The real victims of this fight have been the customers that have purchased legal, licensed copies of entertainment media. For them, making a perfect digital copy has become increasingly difficult. Hollywood may CLAIM to be sympathetic to the plight of customers, but I think that (in secret, at least,) they are happy because of the result: most customers conclude that it's easier to just go out and buy the same movie again than to make a backup copy, or to convert licensed entertainment from one media format to another.


While the focus of this battle has been on DIGITAL technology, millions of people have been quietly succeeding using ANALOG techniques.


"ANALOG"?  Yes! Analog!


The truth of the matter is that analog interfaces will always be with us, because all of our human senses are fundamentally analog in nature. Our eyes and our ears are analog devices, and the entertainment industry MUST present their information to us in these analog formats in order for us to see or hear the results.

Analog displays and analog speakers are well-established in our homes. Every TV set built from the dawn of time until about 2 years ago included analog inputs, and even today, the vast majority of new TV sets still include analog interfaces that are compatible with these well-established standards, in order to maintain compatibility with existing DVD players, VHS players, computers, and TVs.

Do you remember when broadcast TV went "all digital"? In the USA, most TV stations replaced their analog transmissions with digital ones during June of 2009. But this transition could never have been successful in the marketplace without millions of low-cost, readily available "Digital Tuners" that converted the new digital signals into old-style analong ones for use with their old, existing TV sets.


For example, here's what one of these systems looks like:

It has an "Antenna" connector for reception of over-the-air digital signals. It then converts those digital signals into old-style analog signals, which it sends on to an old-style TV through the "Composite Video" connectors of the type that have been present on most TV sets since the mid 1970s. It will be a long, Long, LONG time before theses interfaces disappear completely!


And now, for the "dirty little secret"....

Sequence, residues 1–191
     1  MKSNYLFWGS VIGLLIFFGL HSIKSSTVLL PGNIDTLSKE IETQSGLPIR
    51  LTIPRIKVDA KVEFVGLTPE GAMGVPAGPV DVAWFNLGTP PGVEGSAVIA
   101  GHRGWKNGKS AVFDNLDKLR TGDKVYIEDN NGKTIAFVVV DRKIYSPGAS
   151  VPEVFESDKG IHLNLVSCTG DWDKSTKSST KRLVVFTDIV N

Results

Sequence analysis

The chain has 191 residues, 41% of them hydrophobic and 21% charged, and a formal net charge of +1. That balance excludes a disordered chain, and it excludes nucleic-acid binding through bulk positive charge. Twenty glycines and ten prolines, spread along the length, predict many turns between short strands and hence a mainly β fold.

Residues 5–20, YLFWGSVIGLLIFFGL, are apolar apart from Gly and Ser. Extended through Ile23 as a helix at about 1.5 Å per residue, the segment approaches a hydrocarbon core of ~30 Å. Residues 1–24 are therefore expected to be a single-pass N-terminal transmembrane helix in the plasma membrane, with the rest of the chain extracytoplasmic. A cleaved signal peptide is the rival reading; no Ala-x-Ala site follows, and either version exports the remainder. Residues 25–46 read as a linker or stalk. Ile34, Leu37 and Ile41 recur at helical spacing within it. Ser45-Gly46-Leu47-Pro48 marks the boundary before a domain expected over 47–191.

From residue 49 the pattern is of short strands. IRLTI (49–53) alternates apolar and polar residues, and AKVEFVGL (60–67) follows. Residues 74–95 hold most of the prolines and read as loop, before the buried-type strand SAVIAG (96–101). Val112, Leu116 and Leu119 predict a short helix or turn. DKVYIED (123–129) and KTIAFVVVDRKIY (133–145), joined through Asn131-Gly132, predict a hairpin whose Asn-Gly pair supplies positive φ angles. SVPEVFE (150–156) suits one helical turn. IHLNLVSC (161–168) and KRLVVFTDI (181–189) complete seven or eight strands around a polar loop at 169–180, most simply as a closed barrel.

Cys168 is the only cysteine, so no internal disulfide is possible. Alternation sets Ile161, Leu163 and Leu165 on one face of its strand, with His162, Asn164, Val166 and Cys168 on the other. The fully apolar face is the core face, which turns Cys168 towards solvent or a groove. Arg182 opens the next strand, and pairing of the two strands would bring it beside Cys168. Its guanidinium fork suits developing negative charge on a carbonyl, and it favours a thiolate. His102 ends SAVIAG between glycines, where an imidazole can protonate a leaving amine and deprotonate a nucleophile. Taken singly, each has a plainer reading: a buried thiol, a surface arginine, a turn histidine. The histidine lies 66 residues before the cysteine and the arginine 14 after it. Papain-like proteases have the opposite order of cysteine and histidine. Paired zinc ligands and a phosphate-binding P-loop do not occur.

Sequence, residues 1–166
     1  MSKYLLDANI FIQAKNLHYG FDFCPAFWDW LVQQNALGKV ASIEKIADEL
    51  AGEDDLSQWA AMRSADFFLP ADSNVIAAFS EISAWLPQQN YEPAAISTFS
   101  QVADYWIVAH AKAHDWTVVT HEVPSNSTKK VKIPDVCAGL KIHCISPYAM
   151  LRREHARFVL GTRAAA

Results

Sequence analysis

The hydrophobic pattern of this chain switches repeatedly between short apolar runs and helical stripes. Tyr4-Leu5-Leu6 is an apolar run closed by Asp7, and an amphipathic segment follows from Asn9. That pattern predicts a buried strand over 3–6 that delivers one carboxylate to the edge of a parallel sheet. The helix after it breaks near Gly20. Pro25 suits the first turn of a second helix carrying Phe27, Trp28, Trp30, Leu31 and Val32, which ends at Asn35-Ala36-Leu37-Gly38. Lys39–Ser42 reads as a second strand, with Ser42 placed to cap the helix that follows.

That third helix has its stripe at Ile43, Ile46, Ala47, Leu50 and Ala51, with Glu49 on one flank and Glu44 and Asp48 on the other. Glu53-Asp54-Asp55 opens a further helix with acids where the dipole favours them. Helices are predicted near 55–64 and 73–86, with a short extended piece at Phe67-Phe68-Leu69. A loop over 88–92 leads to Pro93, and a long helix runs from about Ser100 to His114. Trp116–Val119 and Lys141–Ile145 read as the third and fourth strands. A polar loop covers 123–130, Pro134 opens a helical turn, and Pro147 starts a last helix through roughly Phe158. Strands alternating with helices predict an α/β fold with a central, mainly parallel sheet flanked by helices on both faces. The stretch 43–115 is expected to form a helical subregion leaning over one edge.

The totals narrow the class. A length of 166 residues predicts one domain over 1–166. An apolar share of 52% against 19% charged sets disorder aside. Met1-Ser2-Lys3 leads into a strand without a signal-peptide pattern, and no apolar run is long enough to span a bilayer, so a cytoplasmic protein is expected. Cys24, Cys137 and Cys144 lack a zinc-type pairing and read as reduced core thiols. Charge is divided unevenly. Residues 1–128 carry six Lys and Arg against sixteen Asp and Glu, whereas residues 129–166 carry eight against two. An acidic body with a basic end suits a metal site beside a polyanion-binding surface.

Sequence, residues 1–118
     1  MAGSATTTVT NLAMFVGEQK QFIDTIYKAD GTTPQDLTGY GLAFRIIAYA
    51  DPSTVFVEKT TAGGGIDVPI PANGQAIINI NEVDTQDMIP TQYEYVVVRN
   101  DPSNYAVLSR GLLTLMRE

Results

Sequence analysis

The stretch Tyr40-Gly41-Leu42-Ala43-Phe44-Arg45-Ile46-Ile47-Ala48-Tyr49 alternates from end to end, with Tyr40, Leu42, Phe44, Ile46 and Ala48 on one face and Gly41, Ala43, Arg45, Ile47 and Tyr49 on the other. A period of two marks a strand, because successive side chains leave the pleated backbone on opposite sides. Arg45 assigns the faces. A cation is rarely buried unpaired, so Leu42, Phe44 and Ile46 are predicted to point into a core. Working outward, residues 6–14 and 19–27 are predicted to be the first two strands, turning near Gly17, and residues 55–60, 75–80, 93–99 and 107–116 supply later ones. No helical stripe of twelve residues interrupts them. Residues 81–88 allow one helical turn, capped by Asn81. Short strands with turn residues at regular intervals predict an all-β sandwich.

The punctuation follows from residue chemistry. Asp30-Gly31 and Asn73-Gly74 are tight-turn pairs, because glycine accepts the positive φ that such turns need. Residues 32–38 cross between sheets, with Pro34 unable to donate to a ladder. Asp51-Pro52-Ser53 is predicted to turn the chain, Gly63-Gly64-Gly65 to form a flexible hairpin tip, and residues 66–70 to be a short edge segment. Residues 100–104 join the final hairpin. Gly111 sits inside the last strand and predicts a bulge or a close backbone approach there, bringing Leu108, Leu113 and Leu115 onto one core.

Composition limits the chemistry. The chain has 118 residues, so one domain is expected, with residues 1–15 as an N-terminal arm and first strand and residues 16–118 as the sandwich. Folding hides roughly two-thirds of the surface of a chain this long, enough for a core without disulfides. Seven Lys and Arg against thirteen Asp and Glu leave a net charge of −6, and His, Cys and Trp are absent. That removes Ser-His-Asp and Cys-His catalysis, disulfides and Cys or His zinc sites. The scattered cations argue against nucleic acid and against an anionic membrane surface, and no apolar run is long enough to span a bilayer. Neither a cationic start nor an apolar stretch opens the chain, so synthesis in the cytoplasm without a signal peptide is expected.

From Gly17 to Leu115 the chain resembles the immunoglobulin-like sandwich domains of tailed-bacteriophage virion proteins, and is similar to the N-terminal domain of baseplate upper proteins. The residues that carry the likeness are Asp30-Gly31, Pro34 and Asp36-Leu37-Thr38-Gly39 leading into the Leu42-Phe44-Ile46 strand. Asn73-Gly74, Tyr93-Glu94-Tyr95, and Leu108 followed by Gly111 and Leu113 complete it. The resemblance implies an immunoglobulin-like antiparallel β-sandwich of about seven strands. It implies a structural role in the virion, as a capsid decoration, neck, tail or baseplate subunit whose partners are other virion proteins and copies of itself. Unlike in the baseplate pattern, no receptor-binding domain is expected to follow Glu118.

There are NO effective copy-protection techniques that work in analog environments!


It is NOT difficult to copy analog video or analog audio signals. (There are a few techniques that succeed enough to annoy those making copies, but none can withstand efforts by any electrical engineer of even very modest skill.)


It's true that Hollywood would like to see these old analog interfaces fade away. They are pushing modern, encryptable, digital-only interfaces, like "HDMI" into the marketplace. But even in the distant future, when all of the old analog Composite and Component media interfaces fade away and Hollywood's content is delivered to our TVs through an encrypted interface under their restrictive controls, we will all still be using our analog ears and our analog eyeballs to to enjoy our entertainment media. And by then, I believe it will be possible to simply point a high-quality digital movie camera at our display screens, and make a good copy that way! It will NEVER be possible for media producers to prevent their customers from making analog copies.


It's true that analog copies are never perfect. There is always some some distortion and degredation. However, today's modern analog equipment can make a very good copy of a DVD, a VHS tape, a home movie, an audio tape, or a vinyl disk. The quality of the result will depend on the sophistication of the analog equipment used to make the copy.

Low-cost equipment (costing U.S. $200 or less) can copy a commercial DVD with a resolution of 640 x 480 that is almost as good as the original, using the old "Composite Video" connectors. (Click HERE to see our review of the "Neuros OSD" recorder using this technology).  More expensive analog equipment, using the more modern "Component Video" analog connectors, can copy a commercial DVD or Blue-Ray disk in "High Definition", with results that will look very good on your modern, 47 inch flat-screen TV. Critical video fans will be able to discern the slight degredation in video quality compared to the original, but those people that use these techniques to make backup copies of their entertainment media are in almost universal agreement that the quality is entirely satisfactory.

If you ever wonder about the resolution and quality of video images using high-quality "Component" analog interfaces versus HDMI connections, just take a quick look at the back side of TVs being displayed for sale at you favorite retailer or "Big Box" store. The chances are that you're going to see analog "Component" connections in those stores (and they're in the business of selling image quality)! You know that if HDMI displays resulted in images that looked better to the money-spending public, those retailers would have adopted them agressively. There is no reason to dismiss analog interfaces when considering a backup media conversion strategy for the video content that you've produced for yourself, or that you've legally licensed for private viewing in your home.


And there's more good news for the consumer: all of today's popular analog recorders produce modern, digital results that can be edited, or copied, or converted to different, modern formats, without further degredation or restriction! A single analog-to-digital conversion is all that will ever be necessary. Once that conversion is made, the resulting digital version, and all copies or derivatives thereof, can be perfectly preserved.


This is "The Analog Hole"! We believe that fear of the analog hole is the real reason for Hollywood's enthusiastic support of the new, digital "HDMI" interface, whose digital data, subject to modern legislation and strong encryption, can be restricted far more effectively.


And we just thought that you should know about it!